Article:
This article was written by and contributed by Gene-trepreneur author Brett Cotten. At the end of the article, you will find free links to download the preface and intro as PDFs. Note: opinions expressed by CellAgri contributors are their own.
Just over a year ago, I published my first book called Gene-trepreneur.
In the book, I featured interviews with inspiring founders who are combining biotechnology and the entrepreneurial mindset to achieve sustainable impacts across food, materials, species conservation, and beyond. I called these individuals and those like them ‘gene-trepreneurs’, and I seek to catalyze the creation of more by sharing their stories.
Through featuring startup founders in Gene-trepreneur, the book highlights both their personal entrepreneurial journeys–successes and challenges they faced–as well as the impacts of the technologies and products being developed by their companies. There are takeaway lessons at the end of each sub-section and chapter, as well as an overarching seven lessons for future gene-trepreneurs to learn from and implement into building their impactful ventures.
Mixed in with all of these stories on alternative proteins replacing factory farming, reviving the extinct passenger pigeon to the skies of North America, and spinning out spider silk from microbes for example, are approachable references like Death Stars for fish from Star Wars, vegan Fight Club, and many more (i.e. Game of Thrones, Meet the Fockers, Marvel movies, Lord of the Rings, Willy Wonka, Jurassic Park, the list goes on). I believe that if we want more people from all backgrounds to support and join in the change that it should begin with making these topics relatable, right?
In this article, I thought it would be nice to touch upon a few of these featured gene-trepreneurs’ progress since the book’s publishing.
Below are brief updates regarding three of the alternative protein companies featured in the book, as well as one impactful NGO accomplishing ‘genetic rescue’ for endangered and extinct species.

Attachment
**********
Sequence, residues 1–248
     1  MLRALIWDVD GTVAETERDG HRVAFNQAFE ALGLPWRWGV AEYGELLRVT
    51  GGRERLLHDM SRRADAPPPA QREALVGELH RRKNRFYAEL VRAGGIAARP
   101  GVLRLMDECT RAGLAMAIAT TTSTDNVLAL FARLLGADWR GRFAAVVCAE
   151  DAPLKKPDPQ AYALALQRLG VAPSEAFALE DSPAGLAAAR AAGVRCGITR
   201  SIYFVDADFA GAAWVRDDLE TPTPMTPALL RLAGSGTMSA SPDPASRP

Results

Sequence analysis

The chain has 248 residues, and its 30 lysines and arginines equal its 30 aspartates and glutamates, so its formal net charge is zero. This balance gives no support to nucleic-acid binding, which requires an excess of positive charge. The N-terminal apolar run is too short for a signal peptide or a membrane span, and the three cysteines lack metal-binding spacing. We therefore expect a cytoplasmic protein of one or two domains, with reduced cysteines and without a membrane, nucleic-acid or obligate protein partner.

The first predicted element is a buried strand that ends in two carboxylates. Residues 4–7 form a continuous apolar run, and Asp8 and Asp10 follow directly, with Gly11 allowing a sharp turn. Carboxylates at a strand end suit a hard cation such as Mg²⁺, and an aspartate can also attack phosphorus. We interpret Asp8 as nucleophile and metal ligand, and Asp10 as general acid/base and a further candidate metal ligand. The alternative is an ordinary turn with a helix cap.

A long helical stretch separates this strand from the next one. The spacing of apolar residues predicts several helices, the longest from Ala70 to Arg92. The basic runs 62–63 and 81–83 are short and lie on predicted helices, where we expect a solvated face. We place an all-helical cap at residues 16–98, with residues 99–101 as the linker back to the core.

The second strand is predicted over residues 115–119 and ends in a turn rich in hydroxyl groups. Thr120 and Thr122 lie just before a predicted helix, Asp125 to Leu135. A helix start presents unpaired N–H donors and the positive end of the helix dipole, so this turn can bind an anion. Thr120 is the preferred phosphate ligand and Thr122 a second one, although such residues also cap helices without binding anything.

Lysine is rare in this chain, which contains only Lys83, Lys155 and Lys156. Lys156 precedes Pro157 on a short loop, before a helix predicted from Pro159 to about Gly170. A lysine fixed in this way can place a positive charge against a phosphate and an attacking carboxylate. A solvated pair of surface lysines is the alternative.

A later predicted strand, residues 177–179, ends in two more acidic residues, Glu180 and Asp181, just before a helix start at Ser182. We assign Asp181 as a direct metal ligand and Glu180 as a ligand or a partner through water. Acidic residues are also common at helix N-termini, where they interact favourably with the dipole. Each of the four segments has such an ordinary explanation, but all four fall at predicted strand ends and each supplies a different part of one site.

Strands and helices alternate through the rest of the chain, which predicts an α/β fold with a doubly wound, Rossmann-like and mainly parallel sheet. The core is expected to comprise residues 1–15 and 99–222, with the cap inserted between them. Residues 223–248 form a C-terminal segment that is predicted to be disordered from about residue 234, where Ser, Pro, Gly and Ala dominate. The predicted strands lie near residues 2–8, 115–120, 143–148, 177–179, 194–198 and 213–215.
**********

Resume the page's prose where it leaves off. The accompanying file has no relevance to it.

Alright, let’s get to the ‘meat’ of it!
Wild Earth, a well-known name to many in food innovation, is an alt protein pet food company utilizing human-grade koji (a type of fungi) to improve the health and environmental impacts of man’s best friend.
Prior to the book publishing, Ryan Bethencourt, Wild Earth’s CEO and co-founder, successfully pitched the company on Shark Tank to bring Mark Cuban on as an investor. The pair did a $550k for 10% equity deal. VegInvest also led Wild Earth’s $11M series A round in mid-2019. Since then, the company has not needed to raise any more capital–perhaps because they have been so successful in the time since!
Following Shark Tank and out-of-the-water sales, Bethencourt has been able to scale up production of Wild Earth’s plant-based dog food and treats. The company launched on Chewy.com, which like many direct-to-consumer (D2C) companies, had a year of explosive growth driven by the need for home delivery of pet food. (Chewy stock roughly tripled in price from Jan 2020 to Jan 2021.)
Wild Earth also launched in India, which will no doubt prove both profitable and impactful if Bethencourt’s company can attract appetites from some of India’s 20M+ pet dogs as well as potentially deploy to NGOs to help some of India’s 35M+ free-roaming dogs (the highest number of strays in any country around the world).
The company also expanded product offerings beyond their koji-based food and peanut butter treats to additional flavors, as well as to pet health supplements.
In the latter half of 2020, Bethencourt and fellow alt protein veteran Mariliss Holm raised a new ‘rolling fund’ via the AngelList platform called Sustainable Food Ventures (SFV). CellAgri reported on SFV in October, and it is the first food-tech rolling fund ever created.
Rolling funds are an alluring new venture vehicle introduced by AngelList where every quarter is essentially a new fund. SFV announced this month that it invested in cultivated fat company Hoxton Farms alongside CPT Capital, Backed VC, Presight Capital, and Founders Fund. Previously, SFV backed Jellatech–a company producing animal-free collagen and gelatin.
It will be exciting to see which additional promising, early-stage startups SFV selects given that Ryan has a history of knowing how to pick ‘em–he was the first investor in industry-leading cos such as Memphis Meats, Shiok Meats, and Geltor.
New Age Meats, producer of the world’s first cell-based pork sausage, has pivoted their brand slightly since the publishing of Gene-trepreneur. The startup now has more messaging on their site around being a company that serves up blended meats, comprising both cell-based proteins and plant-based ingredients.